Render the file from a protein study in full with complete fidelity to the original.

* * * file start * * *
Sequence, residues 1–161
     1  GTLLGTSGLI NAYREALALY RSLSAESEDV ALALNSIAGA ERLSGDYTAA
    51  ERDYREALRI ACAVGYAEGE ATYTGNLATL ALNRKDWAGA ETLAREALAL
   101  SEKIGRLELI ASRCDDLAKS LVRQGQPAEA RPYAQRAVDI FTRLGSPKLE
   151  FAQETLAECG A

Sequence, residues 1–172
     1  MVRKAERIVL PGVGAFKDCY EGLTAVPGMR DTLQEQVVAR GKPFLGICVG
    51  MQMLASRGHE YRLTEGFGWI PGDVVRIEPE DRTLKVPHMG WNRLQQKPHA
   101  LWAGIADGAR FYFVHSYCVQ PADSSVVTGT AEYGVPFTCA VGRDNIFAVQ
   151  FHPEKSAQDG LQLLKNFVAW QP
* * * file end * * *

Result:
Sequence, residues 1–161
     1  GTLLGTSGLI NAYREALALY RSLSAESEDV ALALNSIAGA ERLSGDYTAA
    51  ERDYREALRI ACAVGYAEGE ATYTGNLATL ALNRKDWAGA ETLAREALAL
   101  SEKIGRLELI ASRCDDLAKS LVRQGQPAEA RPYAQRAVDI FTRLGSPKLE
   151  FAQETLAECG A

Sequence, residues 1–172
     1  MVRKAERIVL PGVGAFKDCY EGLTAVPGMR DTLQEQVVAR GKPFLGICVG
    51  MQMLASRGHE YRLTEGFGWI PGDVVRIEPE DRTLKVPHMG WNRLQQKPHA
   101  LWAGIADGAR FYFVHSYCVQ PADSSVVTGT AEYGVPFTCA VGRDNIFAVQ
   151  FHPEKSAQDG LQLLKNFVAW QP